Hello, ESPers worldwide!
Next month (July), we will have another ESP project leader profile to add to those of Kristin Ekkens (May; healthcare industry) and Charles Hall (June; tourism, helping the poorest of the poor). In this TESOL Blog post, I consider “ESP best practices” in view of conceptualizations of leadership. I expect that I will have more to write on this topic by March 2016 as more leaders contribute their profiles.
As many of you may have read, ESP is already conceptualized as “providing leadership.” According to Johns, Paltridge, and Belcher (2011):
English for Specific Purposes (ESP) has an established tradition that has undoubtedly provided leadership, as well as an intellectual “nudge,” for what is still generally called “General English” or, more disparagingly, “English for No Obvious Reason.” As John Swales demonstrated in his 1988 ESP history (Episodes), developing an appropriate pedagogy for a specific group of learners has always been the goal of ESP practitioners. Studying language, discourses, and contexts of use—as well as student needs, in the broadest sense—and then applying these findings to the pedagogical practices, is what distinguishes ESP from other branches of applied linguistics and language teaching. In a more recent historical overview, Belcher (2004) noted that:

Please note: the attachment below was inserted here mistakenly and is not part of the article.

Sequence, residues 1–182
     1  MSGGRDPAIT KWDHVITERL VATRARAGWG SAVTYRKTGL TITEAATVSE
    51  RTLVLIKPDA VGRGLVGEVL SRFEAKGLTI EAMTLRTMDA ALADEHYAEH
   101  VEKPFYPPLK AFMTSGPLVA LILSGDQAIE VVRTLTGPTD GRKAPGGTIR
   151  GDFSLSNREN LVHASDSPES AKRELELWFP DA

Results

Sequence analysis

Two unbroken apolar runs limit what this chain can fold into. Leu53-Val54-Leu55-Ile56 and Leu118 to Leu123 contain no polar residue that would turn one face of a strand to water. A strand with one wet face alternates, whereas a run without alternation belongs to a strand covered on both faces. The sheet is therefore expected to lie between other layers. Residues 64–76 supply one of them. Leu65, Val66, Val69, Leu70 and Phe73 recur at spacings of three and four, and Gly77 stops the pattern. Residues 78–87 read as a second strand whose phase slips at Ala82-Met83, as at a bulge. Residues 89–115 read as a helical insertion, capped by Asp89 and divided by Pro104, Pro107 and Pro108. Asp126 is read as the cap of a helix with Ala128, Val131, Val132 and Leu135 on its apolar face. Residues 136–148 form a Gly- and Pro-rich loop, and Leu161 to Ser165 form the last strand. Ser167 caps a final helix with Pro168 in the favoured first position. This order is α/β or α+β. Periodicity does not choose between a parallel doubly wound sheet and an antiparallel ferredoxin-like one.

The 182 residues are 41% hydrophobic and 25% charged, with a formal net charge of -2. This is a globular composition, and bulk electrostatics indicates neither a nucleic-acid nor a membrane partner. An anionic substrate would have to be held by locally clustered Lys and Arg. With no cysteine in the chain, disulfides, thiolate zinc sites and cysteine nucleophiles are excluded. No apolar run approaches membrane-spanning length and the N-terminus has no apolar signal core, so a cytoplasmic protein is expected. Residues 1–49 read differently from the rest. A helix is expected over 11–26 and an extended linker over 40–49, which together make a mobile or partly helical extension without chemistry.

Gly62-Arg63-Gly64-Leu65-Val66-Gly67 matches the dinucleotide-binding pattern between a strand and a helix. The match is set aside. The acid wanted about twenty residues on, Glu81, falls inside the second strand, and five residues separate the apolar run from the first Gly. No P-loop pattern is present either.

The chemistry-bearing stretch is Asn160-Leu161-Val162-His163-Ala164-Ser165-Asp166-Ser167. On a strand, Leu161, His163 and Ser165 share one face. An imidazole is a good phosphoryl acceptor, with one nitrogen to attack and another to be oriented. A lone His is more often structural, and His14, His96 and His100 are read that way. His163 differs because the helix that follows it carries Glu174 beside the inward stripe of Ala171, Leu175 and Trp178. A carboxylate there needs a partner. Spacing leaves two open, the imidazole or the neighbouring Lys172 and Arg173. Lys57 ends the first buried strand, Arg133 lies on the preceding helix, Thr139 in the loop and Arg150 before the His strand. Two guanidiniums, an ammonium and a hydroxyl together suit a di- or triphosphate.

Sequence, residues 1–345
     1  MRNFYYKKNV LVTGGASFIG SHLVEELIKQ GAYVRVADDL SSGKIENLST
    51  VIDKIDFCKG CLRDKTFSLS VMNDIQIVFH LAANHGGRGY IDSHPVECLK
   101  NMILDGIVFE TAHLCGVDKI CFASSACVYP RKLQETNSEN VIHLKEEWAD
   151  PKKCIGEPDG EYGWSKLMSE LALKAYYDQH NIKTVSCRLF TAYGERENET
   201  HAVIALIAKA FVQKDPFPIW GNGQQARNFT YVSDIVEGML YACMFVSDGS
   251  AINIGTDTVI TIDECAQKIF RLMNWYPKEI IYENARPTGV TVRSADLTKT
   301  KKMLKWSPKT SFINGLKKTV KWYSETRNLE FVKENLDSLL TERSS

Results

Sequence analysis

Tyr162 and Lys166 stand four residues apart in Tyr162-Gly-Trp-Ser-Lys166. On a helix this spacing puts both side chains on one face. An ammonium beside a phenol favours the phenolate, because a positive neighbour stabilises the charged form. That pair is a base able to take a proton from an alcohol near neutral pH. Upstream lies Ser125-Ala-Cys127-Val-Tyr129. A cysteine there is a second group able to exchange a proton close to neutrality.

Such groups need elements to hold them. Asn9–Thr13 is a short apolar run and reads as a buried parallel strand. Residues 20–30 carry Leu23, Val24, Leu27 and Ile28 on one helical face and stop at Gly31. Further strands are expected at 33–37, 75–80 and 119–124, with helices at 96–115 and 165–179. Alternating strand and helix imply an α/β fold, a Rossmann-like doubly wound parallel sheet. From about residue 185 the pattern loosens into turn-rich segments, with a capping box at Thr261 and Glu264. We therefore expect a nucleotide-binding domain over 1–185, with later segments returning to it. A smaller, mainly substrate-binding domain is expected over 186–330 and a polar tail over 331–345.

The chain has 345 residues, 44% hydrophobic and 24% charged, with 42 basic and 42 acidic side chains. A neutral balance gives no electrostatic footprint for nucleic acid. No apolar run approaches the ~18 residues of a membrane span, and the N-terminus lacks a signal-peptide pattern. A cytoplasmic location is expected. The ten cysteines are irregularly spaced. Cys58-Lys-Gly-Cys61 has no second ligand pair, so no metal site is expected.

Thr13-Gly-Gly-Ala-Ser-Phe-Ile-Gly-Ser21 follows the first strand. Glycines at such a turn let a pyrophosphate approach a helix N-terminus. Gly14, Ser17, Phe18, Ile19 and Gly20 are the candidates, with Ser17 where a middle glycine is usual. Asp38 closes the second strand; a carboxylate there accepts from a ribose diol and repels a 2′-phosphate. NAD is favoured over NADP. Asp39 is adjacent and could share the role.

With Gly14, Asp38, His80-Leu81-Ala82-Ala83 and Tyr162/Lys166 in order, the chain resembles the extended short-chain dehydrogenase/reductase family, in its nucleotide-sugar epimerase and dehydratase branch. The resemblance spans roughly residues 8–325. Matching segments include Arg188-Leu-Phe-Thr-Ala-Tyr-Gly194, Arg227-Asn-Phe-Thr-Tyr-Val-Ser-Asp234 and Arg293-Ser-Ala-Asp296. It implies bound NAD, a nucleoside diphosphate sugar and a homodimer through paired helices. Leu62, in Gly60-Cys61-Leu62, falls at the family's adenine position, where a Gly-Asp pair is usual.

“Unlike other pedagogical approaches, which may be less specific needs–based and more theory-driven, ESP pedagogy places heavy demands on its practitioners to collect empirical needs-assessment data, to create or adapt materials to meet specific needs identified, and to cope with often unfamiliar subject matter and even language use….” (p. 166)
For readers of this blog post who are unfamiliar with ESP, you might want to take a look at the following ESP PowerPoint for practitioners and clients (Knight, Lomperis, van Naerssen, & Westerfield, 2010). In view of my own research on the process of conceptualizing leadership, I am particularly interested in the reference above to ESP providing leadership.
What is the meaning of leadership? It would be better if I asked, “How do people conceptualize leadership, and why?” For example, I see leadership in “ESP best practices.” Before I can explain “why I see leadership,” I need to first present ESP best practices. In this connection, I would like to refer you to slide 14 of the ESP PowerPoint. In that slide, you can see the following description of ESP best practices.
Best Practices were developed for the following areas by the TESOL Task Force on Standards for Workplace Language Training: Guidelines for Workplace Language Trainers (J. Friedenberg, A. Lomperis, W. Martin, K. Westerfield & M. van Naerssen, 2000-2001).
- Develop an effective, current strategic plan
- Conduct effective marketing
- Assess the client organization’s needs
- Determine an appropriate program design
- Develop a proposal and negotiate a contract
- Identify and arrange program administration and staffing
- Conduct an instructional needs assessment (INA)
- Create an instructional design/curriculum